Evidence-based thinking about learning and blogs.uw.edu/.../2012/05/Evidence-based-thinking-about- thinking…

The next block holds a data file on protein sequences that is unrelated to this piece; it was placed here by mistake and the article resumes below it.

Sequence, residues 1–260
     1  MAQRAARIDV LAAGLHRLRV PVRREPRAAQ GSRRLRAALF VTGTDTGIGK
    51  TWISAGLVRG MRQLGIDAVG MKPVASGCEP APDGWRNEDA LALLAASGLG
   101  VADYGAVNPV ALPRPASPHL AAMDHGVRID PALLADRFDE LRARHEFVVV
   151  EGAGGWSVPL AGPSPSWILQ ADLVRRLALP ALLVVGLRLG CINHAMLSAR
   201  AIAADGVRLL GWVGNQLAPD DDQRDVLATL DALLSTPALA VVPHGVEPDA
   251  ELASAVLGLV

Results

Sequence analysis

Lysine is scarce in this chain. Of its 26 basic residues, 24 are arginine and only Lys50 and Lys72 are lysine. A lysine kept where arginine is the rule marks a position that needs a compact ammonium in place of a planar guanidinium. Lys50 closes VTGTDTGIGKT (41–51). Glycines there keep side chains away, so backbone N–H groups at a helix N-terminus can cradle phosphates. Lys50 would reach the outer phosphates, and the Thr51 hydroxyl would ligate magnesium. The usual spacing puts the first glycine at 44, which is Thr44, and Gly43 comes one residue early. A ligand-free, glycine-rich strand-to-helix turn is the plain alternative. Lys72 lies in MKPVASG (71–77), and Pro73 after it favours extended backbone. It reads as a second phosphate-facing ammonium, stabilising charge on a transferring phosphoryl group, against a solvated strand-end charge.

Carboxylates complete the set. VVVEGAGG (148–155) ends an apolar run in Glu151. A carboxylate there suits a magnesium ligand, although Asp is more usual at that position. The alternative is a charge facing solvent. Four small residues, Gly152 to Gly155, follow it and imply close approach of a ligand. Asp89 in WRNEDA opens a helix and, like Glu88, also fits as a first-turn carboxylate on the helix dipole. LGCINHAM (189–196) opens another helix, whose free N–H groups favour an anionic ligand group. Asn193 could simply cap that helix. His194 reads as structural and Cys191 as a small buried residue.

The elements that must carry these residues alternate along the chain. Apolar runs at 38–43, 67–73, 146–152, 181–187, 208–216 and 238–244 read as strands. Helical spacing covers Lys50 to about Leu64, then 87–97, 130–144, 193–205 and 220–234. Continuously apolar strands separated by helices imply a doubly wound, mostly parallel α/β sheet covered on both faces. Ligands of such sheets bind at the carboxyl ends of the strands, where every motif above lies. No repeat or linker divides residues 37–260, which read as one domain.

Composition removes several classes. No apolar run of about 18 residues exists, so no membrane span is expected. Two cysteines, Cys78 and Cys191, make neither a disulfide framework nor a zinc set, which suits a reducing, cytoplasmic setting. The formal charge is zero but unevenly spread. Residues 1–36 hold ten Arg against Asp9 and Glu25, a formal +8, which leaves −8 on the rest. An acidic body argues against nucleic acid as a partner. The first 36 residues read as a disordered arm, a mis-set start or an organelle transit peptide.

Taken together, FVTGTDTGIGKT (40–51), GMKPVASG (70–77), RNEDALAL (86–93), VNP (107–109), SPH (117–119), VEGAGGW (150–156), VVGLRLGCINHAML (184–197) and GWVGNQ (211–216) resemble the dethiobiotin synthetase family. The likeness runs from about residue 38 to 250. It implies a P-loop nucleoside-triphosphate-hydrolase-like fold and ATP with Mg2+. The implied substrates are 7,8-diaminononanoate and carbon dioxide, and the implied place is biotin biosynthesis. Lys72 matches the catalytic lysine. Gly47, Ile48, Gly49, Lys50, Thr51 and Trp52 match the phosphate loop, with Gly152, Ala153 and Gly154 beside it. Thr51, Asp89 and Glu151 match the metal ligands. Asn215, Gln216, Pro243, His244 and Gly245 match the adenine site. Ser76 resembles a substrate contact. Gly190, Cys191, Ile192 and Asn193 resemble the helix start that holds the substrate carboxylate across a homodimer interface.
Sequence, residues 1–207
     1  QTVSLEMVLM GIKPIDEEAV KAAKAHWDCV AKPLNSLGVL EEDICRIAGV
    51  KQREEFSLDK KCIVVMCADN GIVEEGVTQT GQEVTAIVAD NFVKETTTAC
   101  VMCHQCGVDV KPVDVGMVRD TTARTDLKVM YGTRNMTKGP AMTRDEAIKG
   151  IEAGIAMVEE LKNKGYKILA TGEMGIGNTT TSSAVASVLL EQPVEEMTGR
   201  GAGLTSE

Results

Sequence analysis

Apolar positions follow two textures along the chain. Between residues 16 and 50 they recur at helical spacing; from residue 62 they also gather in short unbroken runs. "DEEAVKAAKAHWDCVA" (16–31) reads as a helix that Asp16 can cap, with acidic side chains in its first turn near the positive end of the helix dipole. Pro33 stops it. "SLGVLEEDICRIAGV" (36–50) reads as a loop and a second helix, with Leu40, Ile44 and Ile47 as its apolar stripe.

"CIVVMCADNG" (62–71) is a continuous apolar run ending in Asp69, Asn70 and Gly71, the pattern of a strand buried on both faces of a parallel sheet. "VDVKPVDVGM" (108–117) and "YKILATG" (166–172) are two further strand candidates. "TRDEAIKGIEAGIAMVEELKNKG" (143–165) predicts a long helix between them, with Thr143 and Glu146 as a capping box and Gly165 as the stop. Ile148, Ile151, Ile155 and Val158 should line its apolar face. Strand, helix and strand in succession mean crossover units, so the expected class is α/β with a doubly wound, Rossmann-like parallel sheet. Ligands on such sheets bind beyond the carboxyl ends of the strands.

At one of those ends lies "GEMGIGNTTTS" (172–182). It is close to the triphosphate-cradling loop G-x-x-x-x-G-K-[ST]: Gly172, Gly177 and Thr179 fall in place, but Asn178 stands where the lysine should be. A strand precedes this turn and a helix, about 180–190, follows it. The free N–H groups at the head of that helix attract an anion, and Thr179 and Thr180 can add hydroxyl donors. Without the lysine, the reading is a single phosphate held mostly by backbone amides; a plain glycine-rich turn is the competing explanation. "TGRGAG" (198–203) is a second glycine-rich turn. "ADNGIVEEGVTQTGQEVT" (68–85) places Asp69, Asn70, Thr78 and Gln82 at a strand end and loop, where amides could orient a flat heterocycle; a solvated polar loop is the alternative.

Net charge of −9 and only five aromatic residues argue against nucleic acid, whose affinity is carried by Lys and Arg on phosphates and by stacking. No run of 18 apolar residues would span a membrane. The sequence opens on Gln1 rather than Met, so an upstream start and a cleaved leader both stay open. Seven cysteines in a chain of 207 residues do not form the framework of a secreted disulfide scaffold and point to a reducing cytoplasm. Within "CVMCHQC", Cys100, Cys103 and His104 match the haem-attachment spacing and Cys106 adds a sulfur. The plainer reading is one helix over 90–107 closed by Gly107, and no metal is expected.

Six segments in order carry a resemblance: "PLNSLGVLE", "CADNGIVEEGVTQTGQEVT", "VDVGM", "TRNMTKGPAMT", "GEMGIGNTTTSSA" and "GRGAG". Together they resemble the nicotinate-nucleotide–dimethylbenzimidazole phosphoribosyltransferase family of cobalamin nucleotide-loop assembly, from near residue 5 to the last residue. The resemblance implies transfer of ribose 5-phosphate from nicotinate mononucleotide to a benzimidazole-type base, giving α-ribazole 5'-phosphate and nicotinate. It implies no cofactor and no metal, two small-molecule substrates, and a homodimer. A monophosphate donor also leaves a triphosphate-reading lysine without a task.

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<ul><li><p>Evidence-based thinking about </p><p>learning and instruction </p><p> University of Washington </p><p>May 3, 2012 </p></li><li><p>2 </p><p> Integrating the design, building, monitoring, and improvement of learning </p><p>environments; individualize learning experiences using our scale; and, </p><p>ultimately, drive greater student career success. </p><p> Former CLO for K12, Inc. structured use of technology, cognitive </p><p>science, on-line and off-line materials for 1,700 teachers, 55k students </p><p> Former Publisher and General Manager for DK Multimedia, Inc. </p><p> Management consultant with McKinsey &amp; Company </p><p> Education: </p><p>- Ph.D. in Electrical Engineering and Computer Science from MIT </p><p>- M.D. from Harvard Medical School </p><p>- M.A. in Electrical Engineering and Computer Science from MIT </p><p>- M.A. in Mathematics from Oxford University </p><p>- B.S. in Electrical Engineering and B.S. with Honors in Mathematics </p><p>from the University of Washington </p><p>Bror Saxberg Chief Learning Officer, Kaplan, Inc. </p></li><li><p>3 </p><p> Kaplan University </p><p> Kaplan Legal Education </p><p> Kaplan Professional </p><p>Education </p><p> Nursing </p><p> Kaplan Continuing </p><p>Education </p><p> KNEXT </p><p> KTPA </p><p> Kaplan Tutoring </p><p> Kaplan Bar Review </p><p> Kaplan Publishing </p><p> Kaplan Higher Ed Europe </p><p> Kaplan Professional Europe </p><p> Kaplan Higher Ed Asia </p><p> Kaplan Professional Asia </p><p> Kaplan Higher Ed Australia </p><p> Kaplan Professional </p><p>Australia </p><p> In Country Pathways China </p><p> Franklyn Scholar </p><p> Carrick Education </p><p> Global Knowledge Solutions </p><p>Kaplan education spans domains and geography </p><p>Kaplan University </p><p>Group </p><p>Kaplan Higher </p><p>Education Campuses </p><p>Kaplan Test Prep </p><p>Kaplan Asia Pacific Kaplan United </p><p>Kingdom Kaplan Intl Colleges </p><p> Global Pathways </p><p>Kaplan International Colleges </p></li><li><p>4 </p><p>What Our Students Told Us They Want from a Worlds Best Educator </p><p>Promise </p><p>Pillars </p><p>Definitions </p><p>We strive to make </p><p>education as </p><p>personalized to you </p><p>as possibletailoring </p><p>our courses around </p><p>your individual </p><p>needs. </p><p>We are dedicated </p><p>to getting you the </p><p>results that matter </p><p>in the time that </p><p>matters. </p><p>We move quickly </p><p>with constant </p><p>innovation to </p><p>better meet your </p><p>needs. </p><p>We are here to </p><p>help you achieve </p><p>success at critical </p><p>milestones along </p><p>your educational </p><p>journey. </p></li><li><p>5 </p><p>What were trying to do </p></li><li><p>6 </p><p>What were trying to do </p></li><li><p>7 </p><p>What were trying to do </p></li><li><p>8 </p><p>What were trying to do </p></li><li><p>9 </p><p>What were trying to do </p></li><li><p>10 </p><p>Agenda </p><p> What evidence says about learning </p><p> What this means for the design of instruction </p><p> What happens when you do this for real </p><p> [How to get outcomes aligned with real expertise] </p><p> [Teaching &amp; Learning in the 21st Century thoughts] </p></li><li><p>11 </p><p>Agenda </p><p> What evidence says about learning </p><p> What this means for the design of instruction </p><p> What happens when you do this for real </p><p> [How to get outcomes aligned with real expertise] </p><p> [Teaching &amp; Learning in the 21st Century thoughts] </p></li><li><p>12 </p><p>Much research to guide us </p><p>Learning </p><p>Events (hidden - inside </p><p>students minds) </p><p>Student </p><p>Performance (observable -</p><p>indicates </p><p>knowledge) </p><p>Instructional </p><p>Events (in the learning </p><p>environment) </p><p>Knowledge </p><p> Explicit: Information, </p><p>Explanation, Examples, Demos </p><p> Implicit: Practice tasks/activities </p><p>(prompts and response) </p><p> Diagnosis and feedback </p><p> Explicit/Declarative/Conceptual/What </p><p> Implicit/Procedural/How </p><p> Knowledge Components </p><p>(Procedures + Facts, Concepts, </p><p>Principles, Processes) </p><p> Response accuracy/errors </p><p> Response fluency/speed </p><p> Number of trials </p><p> Amount of assistance (hints) </p><p> Reasoning </p><p>Koedinger, K.R., Corbett, A.T., and Perfetti, C. (2010). The Knowledge-Learning-Instruction (KLI) Framework: Toward Bridging the Science-Practice Chasm to Enhance Robust Student Learning (Draft manuscript from the Pittsburgh Science of Learning Center) </p></li><li><p>13 </p><p>5 types of outcomes determine TYPE of information and </p><p>practice </p><p>Knowledge </p><p>Component Definition Example </p><p>Procedure </p><p>Support</p><p>ive/C</p><p>onceptu</p><p>al Fact </p><p>Concept </p><p>Process </p><p>Principle </p></li><li><p>14 </p><p>5 types of outcomes determine TYPE of information and </p><p>practice </p><p>Knowledge </p><p>Component Definition Example </p><p>Procedure </p><p>Sequence of decision and action </p><p>steps to perform tasks; when </p><p>and how to do things </p><p>Prosecuting a criminal </p><p>Deciding if capital gains </p><p>tax applies </p><p>Support</p><p>ive/C</p><p>onceptu</p><p>al Fact </p><p>Concept </p><p>Process </p><p>Principle </p></li><li><p>15 </p><p>5 types of outcomes determine TYPE of information and </p><p>practice </p><p>Knowledge </p><p>Component Definition Example </p><p>Procedure </p><p>Sequence of decision and action </p><p>steps to perform tasks; when </p><p>and how to do things </p><p>Prosecuting a criminal </p><p>Deciding if capital gains </p><p>tax applies </p><p>Support</p><p>ive/C</p><p>onceptu</p><p>al Fact </p><p>Isolated, unique piece of </p><p>information; one instance </p><p>52 Grosvenor Place </p><p>2+3=5 </p><p>Concept </p><p>Process </p><p>Principle </p></li><li><p>16 </p><p>5 types of outcomes determine TYPE of information and </p><p>practice </p><p>Knowledge </p><p>Component Definition Example </p><p>Procedure </p><p>Sequence of decision and action </p><p>steps to perform tasks; when </p><p>and how to do things </p><p>Prosecuting a criminal </p><p>Deciding if capital gains </p><p>tax applies </p><p>Support</p><p>ive/C</p><p>onceptu</p><p>al Fact </p><p>Isolated, unique piece of </p><p>information; one instance </p><p>52 Grosvenor Place </p><p>2+3=5 </p><p>Concept </p><p>Sets of items that share </p><p>common attributes, common </p><p>name; multiple examples </p><p>Dog </p><p>Money </p><p>Happiness </p><p>Process </p><p>Principle </p></li><li><p>17 </p><p>5 types of outcomes determine TYPE of information and </p><p>practice </p><p>Knowledge </p><p>Component Definition Example </p><p>Procedure </p><p>Sequence of decision and action </p><p>steps to perform tasks; when </p><p>and how to do things </p><p>Prosecuting a criminal </p><p>Deciding if capital gains </p><p>tax applies </p><p>Support</p><p>ive/C</p><p>onceptu</p><p>al Fact </p><p>Isolated, unique piece of </p><p>information; one instance </p><p>52 Grosvenor Place </p><p>2+3=5 </p><p>Concept </p><p>Sets of items that share </p><p>common attributes, common </p><p>name; multiple examples </p><p>Dog </p><p>Money </p><p>Happiness </p><p>Process Flow of events or procedures; </p><p>how things work </p><p>Workflow </p><p>Chemical process </p><p>Principle </p></li><li><p>18 </p><p>5 types of outcomes determine TYPE of information and </p><p>practice </p><p>Knowledge </p><p>Component Definition Example </p><p>Procedure </p><p>Sequence of decision and action </p><p>steps to perform tasks; when </p><p>and how to do things </p><p>Prosecuting a criminal </p><p>Deciding if capital gains </p><p>tax applies </p><p>Support</p><p>ive/C</p><p>onceptu</p><p>al Fact </p><p>Isolated, unique piece of </p><p>information; one instance </p><p>52 Grosvenor Place </p><p>2+3=5 </p><p>Concept </p><p>Sets of items that share </p><p>common attributes, common </p><p>name; multiple examples </p><p>Dog </p><p>Money </p><p>Happiness </p><p>Process Flow of events or procedures; </p><p>how things work </p><p>Workflow </p><p>Chemical process </p><p>Principle </p><p>Guidelines, rules that govern, </p><p>predict, explain events; </p><p>relationships among concepts </p><p>Supply and demand </p><p>80/20 principle </p><p>Novices need structure </p></li><li><p>19 </p><p>3 stages of learning determine instructional elements </p><p>and sequence </p><p>Stage Characteristics Implications for </p><p>Instructional Design </p><p>1. </p><p>2. </p><p>3. </p><p>Anderson, J.R. (1993). Rules of the Mind. Mahwah, NJ, Lawrence Erlbaum. Erricsson, A. &amp; Charness,, Expertise: Its Structure and Acquisition. </p><p> Fitts &amp; Posner, (1967), John Anderson (2004, 2007); </p><p>Anders Ericsson (2006, 2007) </p></li><li><p>20 </p><p>3 stages of learning determine instructional elements </p><p>and sequence </p><p>Stage Characteristics Implications for </p><p>Instructional Design </p><p>1. Declarative </p><p>Knowledge about, that, </p><p>what why; </p><p>Can be stated verbally; </p><p>Conceptual network </p><p>Conscious </p><p>Design clear, relevant, and </p><p>accurate information displays, job </p><p>aids, examples, reference material </p><p>for all knowledge components: </p><p>facts, concepts, principles, </p><p>processes, procedures </p><p>2. </p><p>3. </p><p>Anderson, J.R. (1993). Rules of the Mind. Mahwah, NJ, Lawrence Erlbaum. Erricsson, A. &amp; Charness,, Expertise: Its Structure and Acquisition. </p><p> Fitts &amp; Posner, (1967), John Anderson (2004, 2007); </p><p>Anders Ericsson (2006, 2007) </p></li><li><p>21 </p><p>3 stages of learning determine instructional elements </p><p>and sequence </p><p>Stage Characteristics Implications for </p><p>Instructional Design </p><p>1. Declarative </p><p>Knowledge about, that, </p><p>what why; </p><p>Can be stated verbally; </p><p>Conceptual network </p><p>Conscious </p><p>Design clear, relevant, and </p><p>accurate information displays, job </p><p>aids, examples, reference material </p><p>for all knowledge components: </p><p>facts, concepts, principles, </p><p>processes, procedures </p><p>2. Procedural </p><p>Knowledge how </p><p>Sequence of if-thens </p><p>Potential to become </p><p>unconscious </p><p>Design practice tasks to elicit </p><p>student performance/ responses; </p><p>monitoring systems to detect </p><p>errors; and feedback/coaching to </p><p>correct errors in performance </p><p>3. </p><p>Anderson, J.R. (1993). Rules of the Mind. Mahwah, NJ, Lawrence Erlbaum. Erricsson, A. &amp; Charness,, Expertise: Its Structure and Acquisition. </p><p> Fitts &amp; Posner, (1967), John Anderson (2004, 2007); </p><p>Anders Ericsson (2006, 2007) </p></li><li><p>22 </p><p>3 stages of learning determine instructional elements </p><p>and sequence </p><p>Stage Characteristics Implications for </p><p>Instructional Design </p><p>1. Declarative </p><p>Knowledge about, that, </p><p>what why; </p><p>Can be stated verbally; </p><p>Conceptual network </p><p>Conscious </p><p>Design clear, relevant, and </p><p>accurate information displays, job </p><p>aids, examples, reference material </p><p>for all knowledge components: </p><p>facts, concepts, principles, </p><p>processes, procedures </p><p>2. Procedural </p><p>Knowledge how </p><p>Sequence of if-thens </p><p>Potential to become </p><p>unconscious </p><p>Design practice tasks to elicit </p><p>student performance/ responses; </p><p>monitoring systems to detect </p><p>errors; and feedback/coaching to </p><p>correct errors in performance </p><p>3. Automated </p><p>Fluency </p><p>Expert </p><p>Unconscious </p><p> 10,000 hours </p><p>Design opportunities for repeated </p><p>frequent practice on the job and </p><p>monitoring of speed and accuracy </p><p>Anderson, J.R. (1993). Rules of the Mind. Mahwah, NJ, Lawrence Erlbaum. Erricsson, A. &amp; Charness,, Expertise: Its Structure and Acquisition. </p><p> Fitts &amp; Posner, (1967), John Anderson (2004, 2007); </p><p>Anders Ericsson (2006, 2007) </p></li><li><p>23 </p><p>Much research to guide us </p><p>Learning </p><p>Events (hidden - inside </p><p>students minds) </p><p>Student </p><p>Performance (observable -</p><p>indicates </p><p>knowledge) </p><p>Instructional </p><p>Events (in the learning </p><p>environment) </p><p>Knowledge </p><p> Explicit: Information, </p><p>Explanation, Examples, Demos </p><p> Implicit: Practice tasks/activities </p><p>(prompts and response) </p><p> Diagnosis and feedback </p><p> Explicit/Declarative/Conceptual/What </p><p> Implicit/Procedural/How </p><p> Knowledge Components </p><p>(Procedures + Facts, Concepts, </p><p>Principles, Processes) </p><p> Response accuracy/errors </p><p> Response fluency/speed </p><p> Number of trials </p><p> Amount of assistance (hints) </p><p> Reasoning </p><p>Motivation </p><p> Orientation/Inoculation </p><p> Monitoring </p><p> Diagnosis and treatment: </p><p>Persuasion, Modeling, </p><p>Dissonance </p><p> Value beliefs </p><p> Self-efficacy beliefs </p><p> Attribution beliefs </p><p> Mood/Emotion </p><p> Behavior related to </p><p> Starting </p><p> Persisting </p><p> Mental Effort </p><p> Self-reported beliefs </p><p>Koedinger, K.R., Corbett, A.T., and Perfetti, C. (2010). The Knowledge-Learning-Instruction (KLI) Framework: Toward Bridging the Science-Practice Chasm to Enhance Robust Student Learning (Draft manuscript from the Pittsburgh Science of Learning Center) </p></li><li><p>24 </p><p>4 beliefs influence motivation </p><p>Sources: Bandura; Eccles &amp; Wigfield; Pintrich &amp; Schunk; Clark; Dweck </p><p>Beliefs </p><p> Value </p><p> Self-Efficacy </p><p> Attribution </p><p> Mood </p><p>Motivated Behavior </p><p> Starting </p><p> Persisting </p><p> Mental Effort </p><p>Learning/ Performance </p><p> Practice </p><p> Test </p><p>Self-Efficacy </p><p>Eff</p><p>ort</p><p>High Moderate Low </p><p>Motivation </p><p>Low High </p><p>Performance High </p><p>Low </p><p> Design materials and interaction to foster positive mood, high </p><p>perception of value, moderate confidence, and attribution of </p><p>success and failure to effort </p><p> Design system for monitoring and guidance (group and </p><p>individual) </p></li><li><p>25 </p><p>Much research to guide us </p><p>Learning </p><p>Events (hidden - inside </p><p>students minds) </p><p>Student </p><p>Performance (observable -</p><p>indicates </p><p>knowledge) </p><p>Instructional </p><p>Events (in the learning </p><p>environment) </p><p>Knowledge </p><p> Explicit: Information, </p><p>Explanation, Examples, Demos </p><p> Implicit: Practice tasks/activities </p><p>(prompts and response) </p><p> Diagnosis and feedback </p><p> Explicit/Declarative/Conceptual/What </p><p> Implicit/Procedural/How </p><p> Knowledge Components </p><p>(Procedures + Facts, Concepts, </p><p>Principles, Processes) </p><p> Response accuracy/errors </p><p> Response fluency/speed </p><p> Number of trials </p><p> Amount of assistance (hints) </p><p> Reasoning </p><p>Motivation </p><p> Orientation/Inoculation </p><p> Monitoring </p><p> Diagnosis and treatment: </p><p>Persuasion, Modeling, </p><p>Dissonance </p><p> Value beliefs </p><p> Self-efficacy beliefs </p><p> Attribution beliefs </p><p> Mood/Emotion </p><p> Behavior related to </p><p> Starting </p><p> Persisting </p><p> Mental Effort </p><p> Self-reported beliefs </p><p>Metacognition </p><p> Structure </p><p> Guidance </p><p> Planning, Monitoring </p><p> Selecting, Connecting </p><p> Amount of guidance </p><p>required/requested </p><p>Koedinger, K.R., Corbett, A.T., and Perfetti, C. (2010). The Knowledge-Learning-Instruction (KLI) Framework: Toward Bridging the Science-Practice Chasm to Enhance Robust Student Learning (Draft manuscript from the Pittsburgh Science of Learning Center) </p></li><li><p>26 </p><p>Agenda </p><p> What evidence says about learning </p><p> What this means for the design of instruction </p><p> What happens when you do this for real </p><p> [How to get outcomes aligned with real expertise] </p><p> [Teaching &amp; Learning in the 21st Century thoughts] </p></li><li><p>27 </p><p>Instructional design: Engineering from learning science </p><p>Overviews Information Examples Practice Assessment Learning </p><p>Outcomes </p><p>Motivational Guidance </p><p>Design </p><p>Deliver </p><p>Learning science strongly suggests an order to design and delivery </p><p>Clark, R.E., &amp; Feldon, D. F. (2008). GEL (Guided Experiential Learning), Adaptable Expertise and Transfer of Training. </p><p>Kirscher, P.A., Sweller, J., &amp; Clark, R. (2006). Why minimal guidance during instruction does not work: An analysis of the failure of </p><p>constructivist, discovery, problem-based, experiential and inquiry-based teaching. Educational Psychologist, 41, 75-86. </p><p>Knowledge Integration </p></li><li><p>28 </p><p>Evidence-based instructional principles </p><p>Accumulation of results from lab studies support: Structure and guidance for novices </p><p> (Kirschner, Sweller, &amp; Clark, 2006) </p><p> Demonstrations and worked examples </p><p> (Paas &amp; van Merrienboer, 1994; Sweller, 2006) </p><p> Practice and corrective feedback </p><p> (Mathan &amp; Koedinger, 2005) </p><p> Prompted self-explanation </p><p> (Aleven &amp; Koedinger, 2002) </p><p> Multimedia use that minimizes extraneous cognitive load </p><p> (Mayer, 2009) </p><p> Targeting beliefs (value, confidence, and attributions) and </p><p>emotions (positive feelings) to influence motivation </p><p> (Clark, 2004; Um et al., 2011) </p></li><li><p>29 </p><p>Task-centered instruction </p><p> Move from simple to increasingly difficult tasks NOT PBL sink or swim </p><p> Teach everything needed for each task </p><p> Fade coaching/support over time </p></li><li><p>30 </p><p>Knowledge </p><p>Component </p><p>Presentation (Prepare) Practice/Assessment (Practice, Perform) </p><p>Info Example Remember Proxy for Remember Use** Proxy for Use ** </p><p>Procedure </p><p>When to use; </p><p>List of action and </p><p>decision steps </p><p>Demonstration of </p><p>when and how to </p><p>perform </p><p>Recall when </p><p>to use; Recall </p><p>action and </p><p>decision steps </p><p>Reorder steps; </p><p>Recall next or missing </p><p>steps </p><p>Decide when to use; </p><p>Perform the steps (actions </p><p>and decisions) </p><p>Critique performance </p><p>or output of actions </p><p>and decisions </p><p>Su</p><p>pp</p><p>ort</p><p>ive</p><p> Kn</p><p>ow</p><p>led</p><p>ge</p><p>Fact * Statement of </p><p>fact Statement of fact Recall fact </p><p>Recognize fact when </p><p>presented with distractors Recall fact in task context </p><p>Concepts </p><p>List of </p><p>defining </p><p>attributes </p><p>Examples; </p><p>Non-examples </p><p>List defining </p><p>attributes </p><p>verbally or in </p><p>writing </p><p>Recognize defining </p><p>attributes when presented </p><p>with distractors </p><p>Classify, identify or </p><p>generate examples and </p><p>non-examples </p><p>Critique someone </p><p>elses identi...</p></li></ul>